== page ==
The first scenario corresponds to the amount of purely tritiated waste expected over a period of several years from an experimental fusion facility during its operational phase like ITER. The second scenario corresponds to the amount of waste during its deactivation phase [8]. This study takes into account the recommendations of the abovementioned of the French regulatory body [7]. 3.2. Detritiation techniques From a technical point of view, detritiation methods should be adapted to the type of waste, the size of contaminated components, the type of contamination (superficial or in the bulk), and the activity levels of tritium and other radionuclides. This means that a preliminary characterisation of the material should be performed. This characterisation includes several steps, such as taking smear-tests, measuring a tritium outgassing rate, and investigation of operational conditions to which the material has been exposed (tritium pressure, total duration of contact with tritium, chemical form of tritium etc.). Operational parameters affecting the efficiency of detritiation processes are expected to be temperature, duration of treatment, and type of atmosphere (different gases or vacuum) [9,10]. The secondary waste generated is mainly in the form of tritiated water (HTO) after gaseous effluent treatment. There are three possibilities for managing the secondary waste. It can be released into the environment, processed for tritium recovery, or stored. The management choice will be directly related to the produced volume of tritiated water, the amount of tritium contained in the water, and the purity of water.

– Focus on thermal treatment In this article, we will focus on thermal treatment using elevated temperatures for an extended heating period in order to achieve a high detritiation factor. These detritiation techniques are more complex than interim storage as they are performed in a suitable furnace under different atmosphere, such as hydrogen, ozone, oxygen, air, steam, or in a vacuum. The process of metal waste by thermal treatment is composed of three main steps.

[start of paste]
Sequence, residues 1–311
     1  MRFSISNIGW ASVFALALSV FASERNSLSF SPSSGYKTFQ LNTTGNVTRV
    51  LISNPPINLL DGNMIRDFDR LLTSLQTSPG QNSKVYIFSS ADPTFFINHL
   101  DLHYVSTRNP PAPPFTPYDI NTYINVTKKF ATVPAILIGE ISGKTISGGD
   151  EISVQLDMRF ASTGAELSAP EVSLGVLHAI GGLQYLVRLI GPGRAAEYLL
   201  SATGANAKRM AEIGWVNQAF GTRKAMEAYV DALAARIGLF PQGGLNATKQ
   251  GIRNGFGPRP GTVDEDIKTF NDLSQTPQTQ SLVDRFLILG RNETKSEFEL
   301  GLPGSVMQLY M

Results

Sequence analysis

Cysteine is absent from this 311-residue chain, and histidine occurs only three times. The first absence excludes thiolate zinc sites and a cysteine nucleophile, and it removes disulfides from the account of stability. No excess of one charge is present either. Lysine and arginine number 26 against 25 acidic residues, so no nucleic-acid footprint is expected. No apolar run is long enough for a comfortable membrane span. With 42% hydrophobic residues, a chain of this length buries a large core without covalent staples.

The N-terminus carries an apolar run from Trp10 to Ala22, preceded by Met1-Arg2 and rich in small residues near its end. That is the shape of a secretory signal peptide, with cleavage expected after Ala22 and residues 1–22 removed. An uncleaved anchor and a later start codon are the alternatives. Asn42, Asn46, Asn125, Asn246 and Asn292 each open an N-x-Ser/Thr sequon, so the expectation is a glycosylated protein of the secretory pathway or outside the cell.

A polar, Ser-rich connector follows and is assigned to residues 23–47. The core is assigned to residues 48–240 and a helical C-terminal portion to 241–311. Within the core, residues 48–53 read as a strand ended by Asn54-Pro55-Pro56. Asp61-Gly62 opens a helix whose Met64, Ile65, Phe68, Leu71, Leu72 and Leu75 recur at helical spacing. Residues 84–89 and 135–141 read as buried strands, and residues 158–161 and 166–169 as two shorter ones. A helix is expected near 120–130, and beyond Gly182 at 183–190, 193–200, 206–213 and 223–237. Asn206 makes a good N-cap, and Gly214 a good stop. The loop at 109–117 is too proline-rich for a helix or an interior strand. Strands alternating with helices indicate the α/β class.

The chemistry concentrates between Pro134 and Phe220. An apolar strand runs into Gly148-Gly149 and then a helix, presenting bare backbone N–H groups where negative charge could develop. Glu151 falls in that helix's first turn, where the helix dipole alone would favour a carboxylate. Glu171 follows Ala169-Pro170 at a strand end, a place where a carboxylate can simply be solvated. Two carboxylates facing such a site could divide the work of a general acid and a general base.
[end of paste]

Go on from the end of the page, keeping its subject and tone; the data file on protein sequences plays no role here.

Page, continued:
• Sorting and segregation by material type, cutting up and preparing the metal loads • Heating the waste at an usual temperature of 1000 °C and up to 1700 °C depending on the type of materials to detritiate • Cooling and treating the processed waste (taking out of the furnace,

– Interim storage The duration of interim storage to allow for tritium decay is estimated to last about 50 years, which corresponds to a detritiation factor of 16. This duration is based on feedback from existing storage facilities. The main advantages of interim storage are that it generates little secondary waste and offers a well-tried solution for all types of waste. The main disadvantage of interim storage is its duration does not provide a high detritiation factor. In addition, after the storage period, the waste will have to comply with the acceptance criteria of the final repositories which can differ from the criteria existing at the time of its production and therefore can complicate the shipment of packages to the disposal facility. It is very important to secure with the disposal site, from the beginning of the acceptance of the packages, after the interim storage period.

cleaning and measurement of tritium outgassing). The main part of the gaseous tritium is transformed into tritiated water and further managed.

The principle of tritium migration or permeation in a metal is based on a mechanism of solution and diffusion. Generally speaking, there is a link between the treatment temperature and the efficiency of the treatment: the higher the treatment temperature, the more efficient the treatment. As mentioned before, the size has also an impact on the efficiency of thermal treatment: the smaller and thinner, the more efficient the thermal detritiation process. The thermal treatment of metallic waste produces tritiated water that must be managed. During the treatment, the volume of waste is not reduced unless the metal is melted. The thermal treatment is expected to reduce the tritium activity by a factor 10–1000 [9]. The detritiation factor is highly dependent on the selected thermal treatment technique and the treated material. The choice of the most suitable detritiation technique is not only linked to the highest detritiation factor or the lowest production of secondary waste, but this choice is also affected by many other parameters, such as public acceptance, the releases of tritium into the